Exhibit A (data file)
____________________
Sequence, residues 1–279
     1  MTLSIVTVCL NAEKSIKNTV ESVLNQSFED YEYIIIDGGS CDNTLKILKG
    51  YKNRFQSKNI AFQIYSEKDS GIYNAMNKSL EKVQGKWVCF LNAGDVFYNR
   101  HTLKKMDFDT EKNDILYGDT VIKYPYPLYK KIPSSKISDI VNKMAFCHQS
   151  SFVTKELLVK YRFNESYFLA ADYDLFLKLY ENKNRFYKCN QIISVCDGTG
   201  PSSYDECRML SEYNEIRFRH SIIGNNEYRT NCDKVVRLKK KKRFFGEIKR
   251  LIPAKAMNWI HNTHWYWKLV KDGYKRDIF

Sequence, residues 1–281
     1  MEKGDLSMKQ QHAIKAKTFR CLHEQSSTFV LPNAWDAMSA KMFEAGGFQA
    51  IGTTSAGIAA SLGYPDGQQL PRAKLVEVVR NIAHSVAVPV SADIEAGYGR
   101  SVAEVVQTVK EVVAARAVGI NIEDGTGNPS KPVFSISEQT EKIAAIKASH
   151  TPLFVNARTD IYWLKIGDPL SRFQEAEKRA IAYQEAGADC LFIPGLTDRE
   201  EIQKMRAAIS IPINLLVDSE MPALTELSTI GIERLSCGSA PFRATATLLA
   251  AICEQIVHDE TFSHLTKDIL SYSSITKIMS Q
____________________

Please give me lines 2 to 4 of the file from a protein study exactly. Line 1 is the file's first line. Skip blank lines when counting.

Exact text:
     1  MTLSIVTVCL NAEKSIKNTV ESVLNQSFED YEYIIIDGGS CDNTLKILKG
    51  YKNRFQSKNI AFQIYSEKDS GIYNAMNKSL EKVQGKWVCF LNAGDVFYNR
   101  HTLKKMDFDT EKNDILYGDT VIKYPYPLYK KIPSSKISDI VNKMAFCHQS